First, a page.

How to Manage Your Negative Emotions

26 March 2020 by Shweta Jhajharia

In the current atmosphere, you may be experiencing not only an information overload but an emotional one too. 

Panic is rife. Sadness, disappointment, anger, fear – these are all rearing their ugly heads and sending many of us into spirals. This is not only going to be unhelpful to yourself, but to the people you are interacting with as well. 

I want to share something I’ve learned that might help many of you to steady yourself in this strong current of negative emotions flooding the world right now.

If you would like to hear more about this please feel free to get in touch.

Get in touch

Prefer to read rather than watch and listen? No problem – here’s everything I said in the video as text: 

Hi this is Shweta and I want to talk about how to deal with negative emotions.

I’m not a subject matter expert on this but I do follow vipassana of meditation on a regular basis and also the teachings of our teacher Goenka ji.

Now feeling fearful, tired, exhausted, out of control, uncertain, frustrated, angry, sad… They’re all natural feelings and especially in these times.

Supressing And Expressing Negative Emotions Don’t Work

But let me tell you one thing that suppressing these emotions and trying to pretend to be positive, optimistic, it’s not going to work. In fact, it resurfaces and in a much multiplied form or a violent form, just with a little trigger.

Or expressing this emotion, in a vocal form is also not going to help you. Because more you express, more you think about it, more you reflect, more you share with your people and with your other loved ones, it just multiplies and multiplies and multiplies. It’s like adding fuel to the fire.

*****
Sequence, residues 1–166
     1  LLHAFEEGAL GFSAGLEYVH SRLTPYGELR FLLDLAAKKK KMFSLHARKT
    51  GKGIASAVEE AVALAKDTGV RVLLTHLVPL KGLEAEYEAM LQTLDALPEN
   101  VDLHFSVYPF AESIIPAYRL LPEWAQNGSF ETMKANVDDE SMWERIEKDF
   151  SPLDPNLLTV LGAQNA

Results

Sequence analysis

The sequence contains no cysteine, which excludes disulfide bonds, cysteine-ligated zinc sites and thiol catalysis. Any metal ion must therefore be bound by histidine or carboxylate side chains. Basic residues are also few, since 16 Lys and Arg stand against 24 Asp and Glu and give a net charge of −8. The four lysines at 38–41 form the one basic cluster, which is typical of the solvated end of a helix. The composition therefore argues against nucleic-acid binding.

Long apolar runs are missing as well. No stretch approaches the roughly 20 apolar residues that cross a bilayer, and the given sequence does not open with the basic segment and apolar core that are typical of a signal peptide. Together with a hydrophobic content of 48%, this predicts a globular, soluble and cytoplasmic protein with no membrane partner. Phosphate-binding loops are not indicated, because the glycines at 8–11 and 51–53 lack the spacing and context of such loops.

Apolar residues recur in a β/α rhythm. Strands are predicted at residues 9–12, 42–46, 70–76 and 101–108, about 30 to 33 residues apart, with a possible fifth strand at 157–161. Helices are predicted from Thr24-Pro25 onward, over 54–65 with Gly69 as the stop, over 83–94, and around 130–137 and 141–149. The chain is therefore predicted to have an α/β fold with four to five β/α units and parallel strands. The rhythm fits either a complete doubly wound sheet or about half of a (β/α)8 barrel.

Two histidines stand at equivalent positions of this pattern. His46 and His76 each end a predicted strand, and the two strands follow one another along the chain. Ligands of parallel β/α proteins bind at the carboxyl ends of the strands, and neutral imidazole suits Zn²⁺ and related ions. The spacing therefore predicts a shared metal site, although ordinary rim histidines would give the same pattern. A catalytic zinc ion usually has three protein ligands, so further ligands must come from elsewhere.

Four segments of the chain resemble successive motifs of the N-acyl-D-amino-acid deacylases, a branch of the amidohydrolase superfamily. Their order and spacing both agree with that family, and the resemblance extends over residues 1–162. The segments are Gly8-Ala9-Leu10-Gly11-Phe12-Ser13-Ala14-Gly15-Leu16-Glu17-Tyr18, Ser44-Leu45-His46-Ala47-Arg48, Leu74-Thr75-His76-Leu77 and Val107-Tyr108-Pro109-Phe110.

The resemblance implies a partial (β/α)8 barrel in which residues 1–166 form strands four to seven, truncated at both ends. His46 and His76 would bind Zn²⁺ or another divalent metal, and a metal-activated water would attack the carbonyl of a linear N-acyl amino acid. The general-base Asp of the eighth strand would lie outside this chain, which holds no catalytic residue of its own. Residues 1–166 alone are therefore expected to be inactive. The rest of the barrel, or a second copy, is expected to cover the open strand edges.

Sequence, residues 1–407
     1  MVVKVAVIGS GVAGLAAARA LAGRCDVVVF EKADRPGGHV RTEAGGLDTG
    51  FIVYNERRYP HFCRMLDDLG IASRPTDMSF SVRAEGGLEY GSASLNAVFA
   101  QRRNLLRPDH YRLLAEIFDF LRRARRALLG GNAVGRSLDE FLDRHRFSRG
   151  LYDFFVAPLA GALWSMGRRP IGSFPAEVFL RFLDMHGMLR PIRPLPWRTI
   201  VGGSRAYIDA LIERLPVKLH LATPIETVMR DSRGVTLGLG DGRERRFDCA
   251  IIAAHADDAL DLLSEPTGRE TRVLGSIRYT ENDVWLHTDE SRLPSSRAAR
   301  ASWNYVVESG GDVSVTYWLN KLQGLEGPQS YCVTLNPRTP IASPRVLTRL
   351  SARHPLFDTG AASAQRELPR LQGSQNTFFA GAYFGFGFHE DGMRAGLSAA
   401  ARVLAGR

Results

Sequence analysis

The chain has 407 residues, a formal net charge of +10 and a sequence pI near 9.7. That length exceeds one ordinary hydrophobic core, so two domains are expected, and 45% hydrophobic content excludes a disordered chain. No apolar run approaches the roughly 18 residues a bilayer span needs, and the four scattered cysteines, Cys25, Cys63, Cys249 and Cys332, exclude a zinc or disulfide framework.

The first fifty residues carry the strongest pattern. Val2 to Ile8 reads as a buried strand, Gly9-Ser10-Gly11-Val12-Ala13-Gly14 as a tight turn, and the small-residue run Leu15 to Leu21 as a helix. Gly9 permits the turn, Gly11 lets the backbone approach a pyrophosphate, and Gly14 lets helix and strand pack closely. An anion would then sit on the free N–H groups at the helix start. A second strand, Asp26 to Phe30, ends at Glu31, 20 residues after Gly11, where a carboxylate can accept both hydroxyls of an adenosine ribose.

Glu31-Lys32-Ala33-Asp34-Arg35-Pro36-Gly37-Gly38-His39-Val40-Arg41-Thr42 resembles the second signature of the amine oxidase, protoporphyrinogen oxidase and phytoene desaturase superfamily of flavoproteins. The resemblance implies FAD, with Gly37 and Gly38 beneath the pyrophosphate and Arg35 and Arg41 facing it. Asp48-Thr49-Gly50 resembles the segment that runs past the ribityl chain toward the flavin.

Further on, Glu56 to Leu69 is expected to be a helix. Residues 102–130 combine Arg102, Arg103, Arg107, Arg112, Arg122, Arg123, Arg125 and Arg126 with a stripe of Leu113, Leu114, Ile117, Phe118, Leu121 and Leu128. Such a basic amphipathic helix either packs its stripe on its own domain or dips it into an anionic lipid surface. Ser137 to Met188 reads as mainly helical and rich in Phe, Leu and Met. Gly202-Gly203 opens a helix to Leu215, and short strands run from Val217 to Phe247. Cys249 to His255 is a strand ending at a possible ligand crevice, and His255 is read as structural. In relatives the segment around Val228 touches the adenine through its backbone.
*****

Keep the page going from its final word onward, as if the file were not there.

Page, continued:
So the first thing to remember is that suppression of your negative emotions, or expression in vocal forms, that’s not going to help you to manage and to take care of these negative emotions.

Take the Middle Path

So what we’re really talking about here is the middle path. And that middle path is actually to observe your negative emotions. Is to watch them without engaging with them, without trying to suppress them or express them. You’re just observing them.

Now the image that really helps me personally when I’m practicing you know my my vipassana or in my daily life is the image of sitting on the bank of a river and in sanskrit it’s called the tatasth and what it means is that you are on the bank, which is the tat, and you’re solidly and firmly on that bank of the river.

The river is in front of you flowing and sometimes our currents there or rapids, but then you’re not flowing with those rapids and currents you are firmly sitting on the bank and you’re observing the flow of the river. You’re not feeling excited, you’re not feeling fearful, because you’re not connecting with the flow of the river you’re just observing it.